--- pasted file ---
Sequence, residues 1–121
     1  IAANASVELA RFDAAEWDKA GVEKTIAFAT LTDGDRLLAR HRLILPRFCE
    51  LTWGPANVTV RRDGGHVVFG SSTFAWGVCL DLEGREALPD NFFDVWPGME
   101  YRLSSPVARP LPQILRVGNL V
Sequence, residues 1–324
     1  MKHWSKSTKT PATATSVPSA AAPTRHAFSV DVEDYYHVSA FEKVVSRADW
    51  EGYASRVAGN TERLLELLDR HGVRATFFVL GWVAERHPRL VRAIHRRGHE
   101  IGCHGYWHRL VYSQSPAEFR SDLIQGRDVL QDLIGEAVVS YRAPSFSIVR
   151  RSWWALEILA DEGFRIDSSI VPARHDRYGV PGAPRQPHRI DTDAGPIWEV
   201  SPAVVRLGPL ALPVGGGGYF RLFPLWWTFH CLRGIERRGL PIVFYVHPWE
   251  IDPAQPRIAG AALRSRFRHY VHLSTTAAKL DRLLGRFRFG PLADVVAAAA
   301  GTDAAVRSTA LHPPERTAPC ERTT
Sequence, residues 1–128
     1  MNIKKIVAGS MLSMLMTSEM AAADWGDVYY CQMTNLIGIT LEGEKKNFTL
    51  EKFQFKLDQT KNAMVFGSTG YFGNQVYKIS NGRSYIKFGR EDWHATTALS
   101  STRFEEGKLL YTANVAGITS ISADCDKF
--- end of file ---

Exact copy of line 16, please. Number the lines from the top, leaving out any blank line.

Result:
   101  STRFEEGKLL YTANVAGITS ISADCDKF